Screening mammography in women who are in the age group of 40 and 49 detects more cancers than screening patients who are 50 and older, reveals a new study.
Screening mammography in women ages 40-49 detects 19.3% additional cancers at the expense of an overall 1.5% increase in callbacks and 0.1% in increased biopsies. The study to be presented by Abid Irshad of the Medical University of South Carolina examined the effectiveness of screening mammography between ages 40-49 in comparison to age groups 50-59 and 60-69.
More than 41,000 screening mammography exams were examined for callbacks and recall rate, biopsies performed, cancers detected, and sensitivity and specificity of screening mammography.
Women ages 50-59 had 13,288 mammograms, 1,659 callbacks (12.5% recall rate), 371 biopsies, and 103 cancers detected, while women ages 60-69 had 12,119 mammograms, 1,239 callbacks (10.2% recall rate), 302 biopsies and 89 cancers detected.
Overall, the women ages 50 and over had a total of 31,385 mammograms, 3,504 callbacks (11.2% recall rate), 836 biopsies, and 270 cancers detected.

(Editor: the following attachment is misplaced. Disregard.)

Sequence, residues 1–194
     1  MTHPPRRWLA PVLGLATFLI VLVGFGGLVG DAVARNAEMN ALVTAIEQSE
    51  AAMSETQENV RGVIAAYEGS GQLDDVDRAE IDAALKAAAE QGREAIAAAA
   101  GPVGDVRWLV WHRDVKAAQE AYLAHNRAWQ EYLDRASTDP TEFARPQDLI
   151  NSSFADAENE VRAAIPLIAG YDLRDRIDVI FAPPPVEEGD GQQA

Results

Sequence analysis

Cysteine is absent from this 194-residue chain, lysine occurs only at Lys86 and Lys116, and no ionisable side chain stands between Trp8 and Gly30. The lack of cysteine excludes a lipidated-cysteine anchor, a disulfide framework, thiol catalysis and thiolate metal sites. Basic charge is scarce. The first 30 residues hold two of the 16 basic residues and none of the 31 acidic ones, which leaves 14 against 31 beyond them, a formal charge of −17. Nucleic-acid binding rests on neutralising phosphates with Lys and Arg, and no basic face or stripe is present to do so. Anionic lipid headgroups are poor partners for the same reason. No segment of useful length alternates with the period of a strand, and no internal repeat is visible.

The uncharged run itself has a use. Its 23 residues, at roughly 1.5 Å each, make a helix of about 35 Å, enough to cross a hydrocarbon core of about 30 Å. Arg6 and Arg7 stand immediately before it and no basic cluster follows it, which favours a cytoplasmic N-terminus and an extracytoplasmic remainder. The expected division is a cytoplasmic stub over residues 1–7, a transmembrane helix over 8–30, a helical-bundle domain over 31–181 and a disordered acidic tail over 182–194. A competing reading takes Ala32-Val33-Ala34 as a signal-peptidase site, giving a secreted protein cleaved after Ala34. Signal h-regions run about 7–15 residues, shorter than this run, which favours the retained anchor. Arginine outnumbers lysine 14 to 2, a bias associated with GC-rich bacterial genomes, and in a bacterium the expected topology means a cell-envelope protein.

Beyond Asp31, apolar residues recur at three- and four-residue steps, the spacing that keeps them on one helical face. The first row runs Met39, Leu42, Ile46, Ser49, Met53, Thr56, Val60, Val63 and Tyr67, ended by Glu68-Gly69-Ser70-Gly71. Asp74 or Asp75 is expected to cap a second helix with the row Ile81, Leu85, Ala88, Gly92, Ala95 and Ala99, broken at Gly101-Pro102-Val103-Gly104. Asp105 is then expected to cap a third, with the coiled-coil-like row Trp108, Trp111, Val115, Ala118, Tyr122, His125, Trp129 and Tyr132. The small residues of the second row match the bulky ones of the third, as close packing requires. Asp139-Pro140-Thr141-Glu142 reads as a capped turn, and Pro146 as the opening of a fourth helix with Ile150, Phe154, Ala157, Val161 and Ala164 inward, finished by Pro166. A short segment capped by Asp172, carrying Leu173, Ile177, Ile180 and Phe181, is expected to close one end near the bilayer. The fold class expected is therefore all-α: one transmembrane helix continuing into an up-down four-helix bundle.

By adding the women ages 40-49 to the screening population of 50 and over, the overall callback rate increased 1.5%, the biopsy rate increased 0.1% and 19.3% more cancers were detected.
The study results showed that there was a higher number of callbacks among women ages 40-49 compared to women ages 50-59 (17% compared with 12.5%) and to women ages 60-69 (17% compared with 10.2%).
There was also a lower positive biopsy rate among women ages 40-49 compared with women over 50.
The number of cancers detected in women ages 40-49 was not significantly different from women ages 50-59 or 60-69.